James Webb Telescope Finds Giant Free-Range Planets in Orion

The James Webb Space Telescope (JWST) has pierced the vacuum of deep space again, and unlocked another spectacular discovery beyond the pale.

Astronomers aiming the telescope into the famous Orion Nebula found what look like pairs of huge planets that defy the laws of physics.

The JWST found about 80 of the Jupiter-sized planets floating in space, gravitationally detached from any star. They appear to be “moving together,” BBC News reported. And with the typical astronomic zeal for acronyms, they’re called “JuMBOs” — Jupiter Mass Binary Objects.

inset images of the planetary systems

JuMBOs. Photo: NASA, ESA, CSA, McCaughrean, Pearson



Astronomers now think it’s most likely the planets were born near stars, but later escaped into the open range.

“Gas physics suggests you shouldn’t be able to make objects with the mass of Jupiter on their own, and we know single planets can get kicked out from star systems. But how do you kick out pairs of these things together?” Mark McCaughrean, the European Space Agency’s (ESA) senior science advisor, told BBC News. “Right now, we don’t have an answer. It’s one for the theoreticians.”

The Orion Nebula, or M42, is one of the closest and most productive star nurseries to our galaxy. It’s the strong, ball-shaped blur of light at the end of Orion’s “sword.” It is several light years wide and it owes its brightness to four central stars called the Trapezium.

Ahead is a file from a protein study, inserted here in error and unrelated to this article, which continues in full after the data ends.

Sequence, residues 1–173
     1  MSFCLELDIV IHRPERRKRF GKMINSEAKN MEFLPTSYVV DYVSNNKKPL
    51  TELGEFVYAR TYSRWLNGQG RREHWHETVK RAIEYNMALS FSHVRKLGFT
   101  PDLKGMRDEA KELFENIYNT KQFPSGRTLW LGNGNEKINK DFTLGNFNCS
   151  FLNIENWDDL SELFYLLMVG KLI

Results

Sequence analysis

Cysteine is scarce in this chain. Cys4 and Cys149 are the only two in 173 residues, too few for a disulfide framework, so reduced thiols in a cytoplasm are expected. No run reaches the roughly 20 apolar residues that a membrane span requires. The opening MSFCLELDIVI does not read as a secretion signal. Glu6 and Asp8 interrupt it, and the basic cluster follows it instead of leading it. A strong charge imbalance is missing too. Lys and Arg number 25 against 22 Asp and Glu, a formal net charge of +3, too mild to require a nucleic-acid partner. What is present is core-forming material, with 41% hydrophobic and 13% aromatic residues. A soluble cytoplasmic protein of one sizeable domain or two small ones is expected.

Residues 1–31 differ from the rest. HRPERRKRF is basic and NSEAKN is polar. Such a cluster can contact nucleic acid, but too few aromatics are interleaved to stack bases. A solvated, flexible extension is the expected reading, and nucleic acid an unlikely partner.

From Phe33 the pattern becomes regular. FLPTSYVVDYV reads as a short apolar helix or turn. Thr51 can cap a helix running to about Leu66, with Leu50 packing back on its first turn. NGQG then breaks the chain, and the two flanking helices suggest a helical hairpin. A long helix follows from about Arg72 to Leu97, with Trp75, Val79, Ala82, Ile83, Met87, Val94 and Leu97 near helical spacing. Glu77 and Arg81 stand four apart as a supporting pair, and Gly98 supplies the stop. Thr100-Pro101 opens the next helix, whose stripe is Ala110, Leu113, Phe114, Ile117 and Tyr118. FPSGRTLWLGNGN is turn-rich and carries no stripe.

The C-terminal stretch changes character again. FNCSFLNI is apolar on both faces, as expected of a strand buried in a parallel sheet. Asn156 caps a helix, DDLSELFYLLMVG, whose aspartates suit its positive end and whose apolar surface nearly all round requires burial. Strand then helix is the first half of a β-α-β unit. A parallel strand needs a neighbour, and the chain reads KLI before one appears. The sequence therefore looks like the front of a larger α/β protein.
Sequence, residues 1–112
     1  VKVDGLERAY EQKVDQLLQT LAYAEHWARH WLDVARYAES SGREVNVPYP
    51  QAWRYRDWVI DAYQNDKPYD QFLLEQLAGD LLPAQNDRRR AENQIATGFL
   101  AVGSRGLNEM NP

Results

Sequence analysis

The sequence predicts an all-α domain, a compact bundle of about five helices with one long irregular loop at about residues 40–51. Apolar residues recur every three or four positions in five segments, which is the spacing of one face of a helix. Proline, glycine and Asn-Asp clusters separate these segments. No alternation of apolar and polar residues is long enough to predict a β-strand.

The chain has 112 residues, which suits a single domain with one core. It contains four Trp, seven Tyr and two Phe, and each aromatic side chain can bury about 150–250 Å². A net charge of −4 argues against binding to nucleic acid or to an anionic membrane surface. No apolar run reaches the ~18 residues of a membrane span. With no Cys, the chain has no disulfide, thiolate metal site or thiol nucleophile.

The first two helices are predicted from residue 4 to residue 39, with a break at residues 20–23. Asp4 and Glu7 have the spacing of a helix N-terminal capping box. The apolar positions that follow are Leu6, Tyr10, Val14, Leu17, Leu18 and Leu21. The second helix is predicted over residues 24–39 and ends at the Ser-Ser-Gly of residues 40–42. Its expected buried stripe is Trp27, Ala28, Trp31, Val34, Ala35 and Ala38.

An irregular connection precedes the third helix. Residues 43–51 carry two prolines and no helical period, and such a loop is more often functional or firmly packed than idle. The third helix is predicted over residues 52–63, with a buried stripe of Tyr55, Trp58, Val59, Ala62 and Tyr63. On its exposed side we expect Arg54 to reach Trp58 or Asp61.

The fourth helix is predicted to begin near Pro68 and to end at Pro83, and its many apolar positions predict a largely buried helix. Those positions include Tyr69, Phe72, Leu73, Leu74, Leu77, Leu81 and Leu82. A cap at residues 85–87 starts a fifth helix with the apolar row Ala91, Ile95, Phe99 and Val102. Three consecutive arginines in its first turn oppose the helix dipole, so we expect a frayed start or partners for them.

Thousands of stars in an amazing range of sizes surround the Trapezium. Stars from 40 times more massive than the sun down to less than 0.1 times its size twinkle in the Nebula.

But the fact that it harbors these unusual gas giant systems has drummed up new interest.

Dr. Heidi Hammel, a multidisciplinary scientist on JWST who did not join the survey team, spoke to the potential the discovery represents.

She says that no existing models of planetary system formation predict the ejection of binary pairs of planets.

“But…maybe all star formation regions host these double-Jupiters (and maybe even double-Neptunes and double Earths!), and we just haven’t had a telescope powerful enough to see them before,” Hammel said.

You can explore this new discovery and the whole Orion Nebula on ESASky, the space agency’s interactive tool.

Sam Anderson

Sam Anderson takes any writing assignments he can talk his way into while intermittently traveling the American West and Mexico in search of margaritas — er, adventure. He parlayed a decade of roving trade work into a life of fair-weather rock climbing and truck dwelling before (to his parents’ evident relief) finding a way to put his BA in English to use. Sam loves animals, sleeping outdoors, campfire refreshments and a good story.